Want My 5 Tips to Help Your Toddler’s Speech and Language Development?

Then you need to head over to Toddler Approved right now and check out my guest post today!

Today I am sharing 5 tips to help your toddler learn language and communicate. Some of them may seem obvious but ask yourself this: Are you doing them everyday? I want to hear! Head on over to Toddler Approved (an awesome blog you should be following anyway) right now and let me know what you think. Leave a comment and be sure to follow Toddler Approved on Facebook for great learning activities for toddlers to preschoolers! if you are a fellow SLP it is a great blog to get activities that can be adapted for therapy and if you are parent this is a great blog to get all kinds of great activities and parenting ideas. You won’t be disappointed!

And be sure to congratulate Kristina on her new adorable baby boy!

See you all Wednesday for the last installment in my Speech and Language Development Series and I’m working on my next installment of my Phonological Series…not sure if it will be up this week or next!

Disclaimer: This post may contain affiliate links.

About Katie

Katie is a licensed, credentialed and certified pediatric speech-language pathologist and mom to three (5, 3 and 9 months). Her passion about educating, inspiring and empowering parents of children with all abilities led her to start her blog Playing With Words 365 where she shares information about speech and language development, therapy ideas and tips, intervention strategies and a little about her family life too. Katie has been working in the field of speech pathology for 9 years and is certified in The Hanen Centre’s It Takes Two to Talk ® and Target Word ® programs and holds a certificate in Applied Behavior Analysis (ABA). In addition to blogging and being a mommy, Katie works part time in her small private practice in the San Francisco Bay Area. You can follow her on Facebook, Pinterest and Twitter.

Comments

  1. Loved this post (I commented on Toddler Approved) but also gotta , I love the way you and Kim are working together! I have been a fan of her blog for a long time, and when I stumbled upon this post on pinterest, I felt like I was betraying her. :) I was so pleased to see that you linked to her blog and her ideas, too!

    And by the way – the wait time is HUGE for my 19 month old. When I was teaching, I trained myself to count to 5 silently after asking questions, and I find that if I don’t do that, he doesn’t respond!

    • Awe Thanks Katie! Yes Kim a and I love collaborating and working together. We both have the same ideals and beliefs when it comes to early speech and language development and we see the value in working together to help others :) I hope you stick around! So glad to have you here!

  2. I just went over and read your top five tips. They are great. I always try and buy toys that you can learn with at the same time as having fun. I found a great teddy bear that used magnets to tell you which part of the body was which. It said the part then sung a tune. I then reiterate it too my child who then would point to that part of the body. Great post !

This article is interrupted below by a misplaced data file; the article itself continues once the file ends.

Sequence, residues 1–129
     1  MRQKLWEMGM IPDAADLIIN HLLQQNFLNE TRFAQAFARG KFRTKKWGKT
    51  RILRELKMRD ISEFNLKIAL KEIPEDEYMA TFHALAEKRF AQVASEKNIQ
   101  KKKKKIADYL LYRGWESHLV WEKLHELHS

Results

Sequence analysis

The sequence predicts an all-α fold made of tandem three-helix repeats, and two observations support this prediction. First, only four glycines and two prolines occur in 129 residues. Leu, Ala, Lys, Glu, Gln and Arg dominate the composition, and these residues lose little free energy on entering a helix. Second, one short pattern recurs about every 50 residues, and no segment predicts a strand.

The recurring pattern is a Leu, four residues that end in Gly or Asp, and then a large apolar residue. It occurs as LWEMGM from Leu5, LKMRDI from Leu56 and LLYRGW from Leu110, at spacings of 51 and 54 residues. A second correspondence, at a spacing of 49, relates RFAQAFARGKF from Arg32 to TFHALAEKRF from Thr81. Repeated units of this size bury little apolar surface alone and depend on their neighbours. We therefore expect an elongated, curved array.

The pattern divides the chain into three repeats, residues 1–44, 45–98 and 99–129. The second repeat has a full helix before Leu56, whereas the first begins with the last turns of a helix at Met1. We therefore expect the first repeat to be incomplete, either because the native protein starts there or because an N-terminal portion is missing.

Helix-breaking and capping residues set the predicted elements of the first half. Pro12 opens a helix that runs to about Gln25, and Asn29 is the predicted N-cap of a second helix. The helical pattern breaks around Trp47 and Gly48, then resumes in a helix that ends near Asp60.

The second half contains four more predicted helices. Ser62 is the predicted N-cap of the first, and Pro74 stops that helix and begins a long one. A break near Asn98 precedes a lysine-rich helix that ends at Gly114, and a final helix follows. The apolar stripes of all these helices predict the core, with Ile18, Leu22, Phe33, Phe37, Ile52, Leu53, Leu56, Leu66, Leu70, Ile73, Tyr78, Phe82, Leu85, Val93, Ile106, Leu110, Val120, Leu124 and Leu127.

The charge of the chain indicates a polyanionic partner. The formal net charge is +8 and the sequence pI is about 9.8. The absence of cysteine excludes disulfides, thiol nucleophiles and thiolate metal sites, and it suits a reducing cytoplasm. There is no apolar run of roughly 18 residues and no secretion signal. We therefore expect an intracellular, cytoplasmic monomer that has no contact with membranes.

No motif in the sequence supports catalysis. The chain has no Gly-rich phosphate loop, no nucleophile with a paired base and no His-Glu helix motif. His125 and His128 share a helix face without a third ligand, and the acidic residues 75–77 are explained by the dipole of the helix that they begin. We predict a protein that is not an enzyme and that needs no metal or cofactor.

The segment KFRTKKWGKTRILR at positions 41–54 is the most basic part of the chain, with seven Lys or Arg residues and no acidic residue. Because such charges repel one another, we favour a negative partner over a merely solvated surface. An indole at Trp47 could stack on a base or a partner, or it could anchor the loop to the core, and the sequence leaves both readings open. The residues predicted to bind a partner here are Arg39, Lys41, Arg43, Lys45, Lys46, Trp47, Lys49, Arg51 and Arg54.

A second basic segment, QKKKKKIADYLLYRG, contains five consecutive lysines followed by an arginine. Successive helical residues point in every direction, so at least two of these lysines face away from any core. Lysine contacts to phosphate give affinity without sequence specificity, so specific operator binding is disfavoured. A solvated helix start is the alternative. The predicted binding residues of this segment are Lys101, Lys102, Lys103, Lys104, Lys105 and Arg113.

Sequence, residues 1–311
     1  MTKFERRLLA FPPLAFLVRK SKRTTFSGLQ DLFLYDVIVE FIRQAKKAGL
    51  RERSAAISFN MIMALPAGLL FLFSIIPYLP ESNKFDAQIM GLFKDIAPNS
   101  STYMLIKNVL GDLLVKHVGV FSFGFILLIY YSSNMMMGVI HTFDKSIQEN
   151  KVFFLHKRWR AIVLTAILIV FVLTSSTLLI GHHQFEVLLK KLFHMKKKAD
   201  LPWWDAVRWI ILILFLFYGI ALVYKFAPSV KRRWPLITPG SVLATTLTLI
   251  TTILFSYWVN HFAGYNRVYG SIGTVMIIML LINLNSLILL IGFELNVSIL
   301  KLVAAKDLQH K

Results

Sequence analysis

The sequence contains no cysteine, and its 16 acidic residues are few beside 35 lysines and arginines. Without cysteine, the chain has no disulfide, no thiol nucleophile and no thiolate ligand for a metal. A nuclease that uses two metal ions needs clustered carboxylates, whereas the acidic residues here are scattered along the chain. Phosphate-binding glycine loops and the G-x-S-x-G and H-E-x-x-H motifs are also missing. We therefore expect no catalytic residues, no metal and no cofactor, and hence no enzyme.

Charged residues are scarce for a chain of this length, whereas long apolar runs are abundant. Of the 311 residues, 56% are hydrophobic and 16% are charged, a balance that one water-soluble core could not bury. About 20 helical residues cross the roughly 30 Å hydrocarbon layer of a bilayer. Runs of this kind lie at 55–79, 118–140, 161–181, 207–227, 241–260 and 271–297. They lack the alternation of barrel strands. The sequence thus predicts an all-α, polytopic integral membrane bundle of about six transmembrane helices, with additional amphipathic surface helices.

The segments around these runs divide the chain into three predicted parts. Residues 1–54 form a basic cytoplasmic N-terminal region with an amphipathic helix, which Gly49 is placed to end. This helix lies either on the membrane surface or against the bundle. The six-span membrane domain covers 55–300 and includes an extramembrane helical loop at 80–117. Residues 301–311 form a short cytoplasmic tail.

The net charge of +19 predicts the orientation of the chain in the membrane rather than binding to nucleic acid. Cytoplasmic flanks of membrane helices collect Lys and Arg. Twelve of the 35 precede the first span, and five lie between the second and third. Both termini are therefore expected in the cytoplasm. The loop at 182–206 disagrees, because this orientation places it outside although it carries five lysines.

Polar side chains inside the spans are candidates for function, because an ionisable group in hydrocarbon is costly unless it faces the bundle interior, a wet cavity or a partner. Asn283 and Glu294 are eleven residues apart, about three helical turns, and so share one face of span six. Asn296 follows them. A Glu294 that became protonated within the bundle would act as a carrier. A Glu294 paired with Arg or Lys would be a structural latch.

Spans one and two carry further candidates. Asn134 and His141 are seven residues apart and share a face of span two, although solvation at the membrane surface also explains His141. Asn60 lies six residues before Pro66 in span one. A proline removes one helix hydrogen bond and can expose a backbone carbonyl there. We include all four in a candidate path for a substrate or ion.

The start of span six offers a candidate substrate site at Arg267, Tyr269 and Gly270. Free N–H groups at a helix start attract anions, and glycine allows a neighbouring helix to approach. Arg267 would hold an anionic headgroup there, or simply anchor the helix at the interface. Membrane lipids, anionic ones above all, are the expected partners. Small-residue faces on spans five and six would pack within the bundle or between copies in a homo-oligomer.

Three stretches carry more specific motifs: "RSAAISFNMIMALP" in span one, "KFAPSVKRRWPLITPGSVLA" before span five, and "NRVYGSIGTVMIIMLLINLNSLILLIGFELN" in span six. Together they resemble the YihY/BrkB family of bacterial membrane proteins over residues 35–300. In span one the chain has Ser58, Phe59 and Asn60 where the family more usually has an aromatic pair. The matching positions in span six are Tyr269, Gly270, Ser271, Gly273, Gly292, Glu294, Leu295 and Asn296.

3. Patricia Thompson says:

    Hi Katie! What an amazing, generous, helpful and smart cookie you are!! Thank you so much for connecting to all of us “out here” with such a plethora of knowledge! I am a retired slp – – worked in the school system in Sacramento for about 32 years, and now have a grandson, aged 2, who was 2 months premature, had 2 brain bleeds, open heart surgery for a few defects, at age 3 months, and spent 45 days in the NICU after birth. He walked at 191/2 months, and definitely has his own timetable, but is a DELIGHTFUL happy little guy – with a wonderful spirit & disposition, and pretty amazing receptive language skills. Expressively, he is blossoming with ever increasing length of utterances, but with REALLY distorted phonology. He was found to have a very significant (60db) conductive hearing loss a few months ago, now has tubes in his ears, & passed his hearing recheck (Oakland Children’s Hospital audiology center in Walnut Creek – – -wonderful place). So now, figuring it all out is pretty confusing, and I know he is only 2, and has heard things differently for a long time, but how to best support him is something I am uncertain about, but of course want to do. He does a lot of gutteral sounds – non phoneme sounds – maybe because that’s how things sounded before – or? Anyway, where are you located, and do you do consults, and or how much do you charge for an eval – or would you wait until he is a little older and has a little more time with normal hearing to try to figure things out? So sorry, – tough questions. Bless you for being there with so many wonderful tidbits! I typed in Barbara Hodson and there you were! Thank you!

  4. Hi Katie, I must say you are doing a wonderful job. May God bless you.
    My nephew is 3.2 yrs old, he has been diagnosed as mildly on the spectrum. He started babbling at the age of one and then he regressed and now again for the past 9months he is babbling, which has tremendously improved in the last 2 months. It seems that he tries to produce the same sound he hears when concentrating. We are worried, please suggest what practices we should follow to help him speak. As we are in Pakistan we won’t be able to visit you but please do send me your valuable feedback on this

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